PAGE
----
The original West End London production was at the Piccadilly Theatre, opening on April 24, 1968 and running for 253 performances. Keith Michell starred, with Joan Diener reprising her original role and Bernard Spear as Sancho.[13][14][15]

The play has been revived on Broadway four times:[2]

In the film Man of La Mancha (1972), the title role went to Peter O'Toole (singing voice dubbed by Simon Gilbert), James Coco was Sancho, and Sophia Loren was Aldonza.[16]

Hal Linden played Quixote in the show's 1988 U.S. National tour,[17] and Robert Goulet played Quixote in the 1997–98 U.S. National tour.[18]

The first non-professional production opened in 1970[19] at Chagrin Valley Little Theatre near Cleveland, Ohio. The circumstances of its community theater debut were serendipitous: CVLT members Don Edelman and Frank Mularo were sight-seeing near the Tams-Witmark offices in New York City and impulsively walked in to inquire about newly available scripts they might consider for production at the theater. Although the performance rights for Man of La Mancha were not yet being offered to the public, the date for the release had already been set, and so the two were offered a license to premiere the show on the same day that it would be announced as available. The 20-performance run played to 93% paid capacity (with the remaining tickets being used as complimentary) – a sales record which remains unbroken at the theater.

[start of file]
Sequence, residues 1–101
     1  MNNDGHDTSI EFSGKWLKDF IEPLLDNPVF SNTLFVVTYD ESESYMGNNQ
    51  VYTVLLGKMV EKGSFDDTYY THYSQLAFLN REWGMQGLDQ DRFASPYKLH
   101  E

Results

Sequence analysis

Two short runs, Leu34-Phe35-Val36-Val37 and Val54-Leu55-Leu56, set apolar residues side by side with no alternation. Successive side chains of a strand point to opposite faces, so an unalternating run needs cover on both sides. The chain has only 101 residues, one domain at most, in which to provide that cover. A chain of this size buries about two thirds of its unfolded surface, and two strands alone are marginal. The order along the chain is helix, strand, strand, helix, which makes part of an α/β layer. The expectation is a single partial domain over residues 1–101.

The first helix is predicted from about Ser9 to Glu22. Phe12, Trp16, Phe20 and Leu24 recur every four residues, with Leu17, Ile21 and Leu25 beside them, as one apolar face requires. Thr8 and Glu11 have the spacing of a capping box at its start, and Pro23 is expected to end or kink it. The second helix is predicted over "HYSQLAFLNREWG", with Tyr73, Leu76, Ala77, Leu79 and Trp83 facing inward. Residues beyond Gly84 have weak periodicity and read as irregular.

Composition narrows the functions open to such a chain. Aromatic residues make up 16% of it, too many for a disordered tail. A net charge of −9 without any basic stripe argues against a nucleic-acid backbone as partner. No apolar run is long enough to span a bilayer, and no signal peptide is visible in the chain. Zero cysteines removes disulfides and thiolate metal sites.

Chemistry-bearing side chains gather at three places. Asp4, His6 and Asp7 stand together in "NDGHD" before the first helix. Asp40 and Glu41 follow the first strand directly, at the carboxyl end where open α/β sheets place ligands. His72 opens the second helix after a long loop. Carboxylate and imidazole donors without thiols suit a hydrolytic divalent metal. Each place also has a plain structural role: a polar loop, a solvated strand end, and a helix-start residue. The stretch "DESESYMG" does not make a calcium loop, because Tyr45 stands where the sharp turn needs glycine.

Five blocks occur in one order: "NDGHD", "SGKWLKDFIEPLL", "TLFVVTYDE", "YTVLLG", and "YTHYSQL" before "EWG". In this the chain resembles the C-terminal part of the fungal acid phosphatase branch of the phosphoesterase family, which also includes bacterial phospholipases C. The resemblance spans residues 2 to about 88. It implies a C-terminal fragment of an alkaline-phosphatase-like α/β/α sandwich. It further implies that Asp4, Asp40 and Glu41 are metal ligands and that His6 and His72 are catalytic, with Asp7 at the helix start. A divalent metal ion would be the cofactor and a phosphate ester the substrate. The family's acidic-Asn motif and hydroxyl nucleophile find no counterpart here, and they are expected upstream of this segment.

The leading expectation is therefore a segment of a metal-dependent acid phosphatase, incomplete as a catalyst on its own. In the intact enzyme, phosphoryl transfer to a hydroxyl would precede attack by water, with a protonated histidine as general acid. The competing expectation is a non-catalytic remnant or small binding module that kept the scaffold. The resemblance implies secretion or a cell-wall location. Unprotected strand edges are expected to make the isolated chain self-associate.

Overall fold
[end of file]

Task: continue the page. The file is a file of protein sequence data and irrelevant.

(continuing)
Synopsis[edit]

It is the late sixteenth century. Failed author-soldier-actor and tax collector Miguel de Cervantes has been thrown into a dungeon by the Spanish Inquisition, along with his manservant. They have been charged with foreclosing on a monastery. The two have brought all their possessions with them into the dungeon. There, they are attacked by their fellow prisoners, who instantly set up a mock trial. If Cervantes is found guilty, he will have to hand over all his possessions. Cervantes agrees to do so, except for a precious manuscript which the prisoners are all too eager to burn. He asks to be allowed to offer a defense, and the defense will be a play, acted out by him and all the prisoners. The "judge", a sympathetic criminal called "the Governor", agrees.